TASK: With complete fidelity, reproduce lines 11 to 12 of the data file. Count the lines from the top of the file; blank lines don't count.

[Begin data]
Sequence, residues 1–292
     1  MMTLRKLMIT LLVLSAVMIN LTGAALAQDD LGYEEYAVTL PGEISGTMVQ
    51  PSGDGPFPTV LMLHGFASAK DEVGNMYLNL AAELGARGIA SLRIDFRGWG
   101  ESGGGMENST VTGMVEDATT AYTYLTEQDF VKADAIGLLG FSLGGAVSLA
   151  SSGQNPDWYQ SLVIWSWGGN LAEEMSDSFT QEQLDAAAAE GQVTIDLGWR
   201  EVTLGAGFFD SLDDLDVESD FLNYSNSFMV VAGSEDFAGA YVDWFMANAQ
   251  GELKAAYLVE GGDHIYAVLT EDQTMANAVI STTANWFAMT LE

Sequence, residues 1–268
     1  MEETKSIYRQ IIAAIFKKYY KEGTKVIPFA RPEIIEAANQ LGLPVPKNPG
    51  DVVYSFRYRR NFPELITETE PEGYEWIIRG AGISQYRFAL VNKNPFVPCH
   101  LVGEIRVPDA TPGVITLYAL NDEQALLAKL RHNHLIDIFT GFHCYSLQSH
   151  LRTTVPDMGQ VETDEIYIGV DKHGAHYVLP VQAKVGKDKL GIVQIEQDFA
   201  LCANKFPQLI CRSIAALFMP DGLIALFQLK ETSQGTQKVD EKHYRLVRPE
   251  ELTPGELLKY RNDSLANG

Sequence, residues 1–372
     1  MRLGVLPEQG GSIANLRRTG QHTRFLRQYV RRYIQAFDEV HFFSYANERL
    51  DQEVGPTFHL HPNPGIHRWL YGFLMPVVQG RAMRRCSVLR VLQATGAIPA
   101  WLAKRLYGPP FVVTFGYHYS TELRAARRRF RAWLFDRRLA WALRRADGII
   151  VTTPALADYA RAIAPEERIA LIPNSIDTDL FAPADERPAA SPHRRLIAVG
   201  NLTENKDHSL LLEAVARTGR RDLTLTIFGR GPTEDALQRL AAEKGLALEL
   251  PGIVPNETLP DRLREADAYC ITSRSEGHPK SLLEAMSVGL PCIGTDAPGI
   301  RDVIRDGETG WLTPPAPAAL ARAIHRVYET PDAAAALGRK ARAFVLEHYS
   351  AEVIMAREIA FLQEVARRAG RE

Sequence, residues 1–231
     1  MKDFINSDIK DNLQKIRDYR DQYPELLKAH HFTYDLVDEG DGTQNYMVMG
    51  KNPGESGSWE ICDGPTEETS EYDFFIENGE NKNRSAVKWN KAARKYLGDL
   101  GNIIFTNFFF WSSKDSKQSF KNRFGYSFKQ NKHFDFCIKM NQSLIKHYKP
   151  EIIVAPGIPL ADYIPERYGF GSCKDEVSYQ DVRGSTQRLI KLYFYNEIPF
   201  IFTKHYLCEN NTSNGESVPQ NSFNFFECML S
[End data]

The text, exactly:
   101  LVGEIRVPDA TPGVITLYAL NDEQALLAKL RHNHLIDIFT GFHCYSLQSH
   151  LRTTVPDMGQ VETDEIYIGV DKHGAHYVLP VQAKVGKDKL GIVQIEQDFA